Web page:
The band-gap energy of semiconductors is frequently determined from a Tauc plot, where the quantity is plotted against photon energy E. Then the band-gap energy can be obtained by extending the straight segment of the graph to the E axis.[12] There is a simpler method adapted from the Kubelka–Munk theory, in which the band gap is calculated by plotting, versus E, where is the absorption coefficient.[13]


Early practitioners, especially D. R. Duncan,[14] assumed that in a mixture of pigments, the colors produced in any given medium may be deduced from formulae involving two constants for each pigment. These constants, which vary with the wavelength of the incident light, measure respectively the absorbing power of the pigment for light and its scattering power. The work of Kubelka and Munk was seen as yielding a useful systematic approach to color mixing and matching. By resolving the Kubelka–Munk equation for the ratio of absorption to scatter, one can obtain a "remission function":[15]

We may define and as absorption and back-scattering coefficients, which replace the absorption and remission fractions a0 and r0 in the Kubelka–Munk equation above. Then assuming separate additivity of the absorption and coefficients for each of components of concentration :

For the case of small amount of pigments, the scatter is dominated by the base material and is assumed to be constant. In such a case, the equation is linear in concentration of pigment.[5]


One special case has received much attention in diffuse reflectance spectroscopy:[5] that of an opaque (infinitely thick) coating, which can be applied to a sample modeled as an infinite number of infinitesimal layers. The two-stream approximation was embraced by the early practitioners.[16][17] There were far more mathematics to choose from, but the name Kubelka–Munk became widely regarded as synonymous with any technique that modeled diffuse radiation moving through layers of infinitesimal size. This was aided by the popular assumption that the Kubelka–Munk function (above) was analogous to the absorbance function in transmission spectroscopy.

In the field of infrared spectroscopy, it was common to prepare solid samples by finely grinding the sample with potassium bromide (KBr). This led to a situation analogous to the described in the section just above for pigments, where the analyte had little effect on the scatter, which was dominated by the KBr. In this case, the assumption of the function being linear with concentration was reasonable.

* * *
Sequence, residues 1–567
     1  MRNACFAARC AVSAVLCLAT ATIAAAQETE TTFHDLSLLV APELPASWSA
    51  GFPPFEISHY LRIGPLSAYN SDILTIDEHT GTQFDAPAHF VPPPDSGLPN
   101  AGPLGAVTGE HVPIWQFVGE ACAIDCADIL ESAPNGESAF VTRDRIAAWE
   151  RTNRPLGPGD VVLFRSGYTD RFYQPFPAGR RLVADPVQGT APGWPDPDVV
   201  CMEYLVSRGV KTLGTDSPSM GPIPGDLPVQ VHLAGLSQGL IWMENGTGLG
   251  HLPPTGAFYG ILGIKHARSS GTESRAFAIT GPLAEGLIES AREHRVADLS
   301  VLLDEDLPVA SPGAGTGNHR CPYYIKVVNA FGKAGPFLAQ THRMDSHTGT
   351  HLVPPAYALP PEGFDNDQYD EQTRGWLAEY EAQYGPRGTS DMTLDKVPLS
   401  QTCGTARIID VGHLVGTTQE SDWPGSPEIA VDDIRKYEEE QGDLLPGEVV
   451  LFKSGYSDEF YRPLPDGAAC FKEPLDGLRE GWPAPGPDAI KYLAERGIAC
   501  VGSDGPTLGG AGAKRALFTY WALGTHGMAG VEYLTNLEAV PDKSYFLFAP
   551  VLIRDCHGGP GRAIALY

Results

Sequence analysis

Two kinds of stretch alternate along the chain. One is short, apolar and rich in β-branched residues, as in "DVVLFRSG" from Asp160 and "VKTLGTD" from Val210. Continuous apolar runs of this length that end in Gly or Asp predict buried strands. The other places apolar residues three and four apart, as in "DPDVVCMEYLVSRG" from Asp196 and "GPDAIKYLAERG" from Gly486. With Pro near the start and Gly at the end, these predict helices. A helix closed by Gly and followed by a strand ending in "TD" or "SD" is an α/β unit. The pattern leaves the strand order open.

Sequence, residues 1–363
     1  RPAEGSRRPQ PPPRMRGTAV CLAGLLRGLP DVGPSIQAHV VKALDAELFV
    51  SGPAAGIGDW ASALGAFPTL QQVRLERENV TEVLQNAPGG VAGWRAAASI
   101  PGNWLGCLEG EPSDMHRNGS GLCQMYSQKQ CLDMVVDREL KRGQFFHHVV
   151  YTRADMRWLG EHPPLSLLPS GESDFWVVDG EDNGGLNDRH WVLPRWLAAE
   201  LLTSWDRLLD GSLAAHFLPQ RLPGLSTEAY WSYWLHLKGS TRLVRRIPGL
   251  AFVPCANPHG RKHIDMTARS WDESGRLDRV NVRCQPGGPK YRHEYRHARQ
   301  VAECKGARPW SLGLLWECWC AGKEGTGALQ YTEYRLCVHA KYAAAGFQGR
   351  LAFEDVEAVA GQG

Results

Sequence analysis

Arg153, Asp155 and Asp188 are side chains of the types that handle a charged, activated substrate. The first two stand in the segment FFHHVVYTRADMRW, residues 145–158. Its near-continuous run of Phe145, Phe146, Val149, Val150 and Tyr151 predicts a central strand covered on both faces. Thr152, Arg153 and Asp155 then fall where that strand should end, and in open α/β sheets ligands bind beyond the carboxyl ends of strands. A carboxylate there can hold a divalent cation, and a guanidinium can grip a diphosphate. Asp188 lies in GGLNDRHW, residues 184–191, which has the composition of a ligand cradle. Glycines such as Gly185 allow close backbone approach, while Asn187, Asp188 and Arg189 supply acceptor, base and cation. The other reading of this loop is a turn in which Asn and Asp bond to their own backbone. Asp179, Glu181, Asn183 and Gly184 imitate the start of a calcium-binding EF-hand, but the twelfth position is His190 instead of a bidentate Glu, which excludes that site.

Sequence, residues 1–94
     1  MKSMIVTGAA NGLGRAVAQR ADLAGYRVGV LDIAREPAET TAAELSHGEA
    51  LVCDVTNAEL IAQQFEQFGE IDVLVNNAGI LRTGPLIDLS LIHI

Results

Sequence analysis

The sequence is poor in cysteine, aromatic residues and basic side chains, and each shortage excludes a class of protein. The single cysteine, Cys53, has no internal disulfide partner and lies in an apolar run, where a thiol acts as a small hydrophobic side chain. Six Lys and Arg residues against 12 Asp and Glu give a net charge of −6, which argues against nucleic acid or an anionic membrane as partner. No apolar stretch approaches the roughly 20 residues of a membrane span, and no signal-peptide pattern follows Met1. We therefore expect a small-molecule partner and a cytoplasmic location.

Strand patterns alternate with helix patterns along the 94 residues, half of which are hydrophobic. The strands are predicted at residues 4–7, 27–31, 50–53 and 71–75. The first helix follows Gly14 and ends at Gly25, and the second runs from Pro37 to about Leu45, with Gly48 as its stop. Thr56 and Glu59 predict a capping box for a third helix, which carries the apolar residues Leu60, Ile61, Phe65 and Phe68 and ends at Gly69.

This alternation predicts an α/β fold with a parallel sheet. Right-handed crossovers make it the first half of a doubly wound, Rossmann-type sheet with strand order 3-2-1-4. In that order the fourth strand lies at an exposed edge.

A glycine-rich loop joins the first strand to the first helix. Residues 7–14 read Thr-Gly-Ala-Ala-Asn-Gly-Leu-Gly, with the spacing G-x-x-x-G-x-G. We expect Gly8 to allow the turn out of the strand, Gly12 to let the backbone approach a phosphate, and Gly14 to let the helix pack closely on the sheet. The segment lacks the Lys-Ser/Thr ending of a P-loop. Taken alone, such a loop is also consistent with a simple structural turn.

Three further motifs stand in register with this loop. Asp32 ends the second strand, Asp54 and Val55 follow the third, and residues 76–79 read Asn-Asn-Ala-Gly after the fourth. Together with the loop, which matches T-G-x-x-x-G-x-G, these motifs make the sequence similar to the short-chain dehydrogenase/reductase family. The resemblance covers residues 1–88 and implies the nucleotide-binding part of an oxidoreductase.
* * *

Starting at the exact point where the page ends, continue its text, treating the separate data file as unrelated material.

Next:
However, in the field of near-infrared spectroscopy, the samples are generally measured in their natural (often particulate) state, and deviations from linearity at higher absorption levels were routinely observed. The remission function (also called the Kubelka–Munk function) was almost abandoned in favor of "log(1/R)". A more general equation, called the Dahm equation, was developed,[18] along with a scheme to separate the effects of scatter from absorption in the log(1/R) data.[19] In the equation, and are the measured remission by and transmission through a sample of layers, each layer having absorption and remission fractions of and R. Note that the so-called ART function

is constant for any sample thickness.

In other areas of spectroscopy, there are shifts away from the strict use of the Kubelka–Munk treatment as well.[20]

Failure of continuous models of diffuse reflectance[edit]

Continuous models are widely used to model diffuse reflection from particulate samples. They are embodied in various theories, including diffusion theory, the equation of radiation transfer, as well as Kubelka–Munk. In spite of its widespread use, there has long been an understanding that the Kubelka–Munk (K–M) theory has limitations. The term "failure of the Kubelka–Munk theory" has been applied because it does not "remain valid in strongly absorbing materials".[5] There have been many attempts to explain the limitations and amend the K–M equation.[21] In literature related to diffuse-reflection infrared Fourier-transform (DRIFT) spectra, "particularly specular reflection" is often identified as a culprit.[22] In some corners, there is the working assumption that the problem is that the K–M theory is a two-flux theory, and that introducing additional directions will solve the problem. In particular, two continuous theories, "diffusion theory" and the "equation of radiation transfer" (ERT), have their advocates. Some of the advocates of the ERT have called to our attention the failure of the ERT to predict the desired linear absorption coefficient as particle size gets large, and blamed it on the hidden mass effect.[23] In 2003,[24] Donald and Kevin Dahm illustrated the degree to which the continuous theories all suffer from the fundamental limitation of trying to model a discontinuous sample as a continuum and suggested that as long as the effect of this limitation is unexplored, there is little reason to search for other reasons for "failure".

Spectroscopists have a desire to determine the same absorption coefficient quantity from diffuse reflectance measurements as they would from a transmission measurement on a non-scattering sample of the same material. The Bouguer–Lambert law describes the attenuation of transmitted light as exponential falloff in intensity of a direct beam of light as it passes through a medium. The cause of the attenuation may be absorption or scatter. A coefficient unaffected by scatter is desired by absorption spectroscopists. Mathematically, the Bouguer–Lambert law may be expressed as